If you like mole, you’ll love the “Slow Burn” pulled pork mole recipe from the Country Cat’s Heartlandia cookbook. This isn’t a sweet mole. It’s dark, it’s rich, it’s full of sultry smokey heat from an assortment of dried chiles, while balanced with a depth of flavor from the chocolate and teeny bit of sugar. If you are one of those strange people who doesn’t like mole, then I’m hoping it’s because you’ve never had a good mole. Make this and we’ll know. This is exactly how mole ought to taste (in my humble opinion, anyhow).
Heartlandia’s pulled pork mole is billed as a chili, to be served as a late brunch with eggs and grits while watching Sunday football. It’s not like any chili I’ve ever had, and although I’m sure it’s delicious with eggs and grits, I think you’ll find this pulled pork mole pairs fantastically with cornbread, cabbage slaw, and roasted corn, or corn tacos, avocado, raw shredded cabbages, lime juice and thin radish slices. Or pancakes. Or rice and beans. Or a light soup. … Upon making this, you’ll find all the dried peppers impart an incredibly complex, smokey flavor to the dish, which makes it an immensely satisfying meal any time of day.
The recipe looks a little complicated, but this pulled pork mole is actually incredibly easy to make, especially if you plan out the moving parts a bit. It’s best to prepare the components in advance. My advice is to start the chiles soaking before you make the spice rub, get the meat prepared, then make the sauce. The spice-rubbed meat and the sofrito-chile sauce can wait separately in the fridge overnight (or for 6-10ish hours) so when you’re ready to start cooking the mole, all you need to do is brown the meat, add the sauce, bring it to a simmer, and then pop it in the oven to slowly roast until fall-apart tender (after about 2.5 – 3 hours). Alternatively, this preparation is also easy to adapt to your work day schedule, such that you start the meat marinating in the morning and then begin the roast once you get home, as long as you can wait a couple of hours to eat.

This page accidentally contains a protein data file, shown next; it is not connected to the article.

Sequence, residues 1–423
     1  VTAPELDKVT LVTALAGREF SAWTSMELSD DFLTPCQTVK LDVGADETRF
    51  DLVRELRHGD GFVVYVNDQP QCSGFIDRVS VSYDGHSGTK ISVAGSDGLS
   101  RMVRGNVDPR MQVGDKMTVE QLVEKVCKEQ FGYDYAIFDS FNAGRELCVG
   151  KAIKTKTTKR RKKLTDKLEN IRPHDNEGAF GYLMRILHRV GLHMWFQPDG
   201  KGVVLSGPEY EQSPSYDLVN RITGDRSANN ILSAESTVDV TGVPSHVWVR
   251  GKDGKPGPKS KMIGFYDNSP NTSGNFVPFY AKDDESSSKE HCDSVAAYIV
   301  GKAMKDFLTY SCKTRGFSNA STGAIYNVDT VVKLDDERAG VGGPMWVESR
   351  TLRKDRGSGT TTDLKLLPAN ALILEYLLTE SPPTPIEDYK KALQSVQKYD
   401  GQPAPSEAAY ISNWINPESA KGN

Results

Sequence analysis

Please note, as published in Heartlandia, this recipe involves a one hour session in the smoker. However, I don’t have a smoker, so I skipped that step. As mentioned above – the final product still tastes deliciously smokey thanks to the chiles.
Is it strange that I’m posting a recipe for something that needs to be roasted when it’s late July and I’ve been complaining about the heat? My rationale is two-fold: it was voted for in Ideas Poll 1 and air conditioning is a lovely invention. Also…this recipe is perfect for translating to a slow cooker. Follow the instructions, but instead of placing the browned pork and sauce in a Dutch oven, place everything in your slow cooker, turn the heat to low and cook for 8-12 hours until falling apart tender.
This pulled pork mole freezes really well, so I highly recommend making more than you need for a single dinner and saving the rest for another time.
I’ve been a huge fan of everything I’ve made from Heartlandia thus far – I’ve finished making 3 dishes from this cookbook, and all have been spectacular. This is definitely a place I want to visit on my next trip to Portland.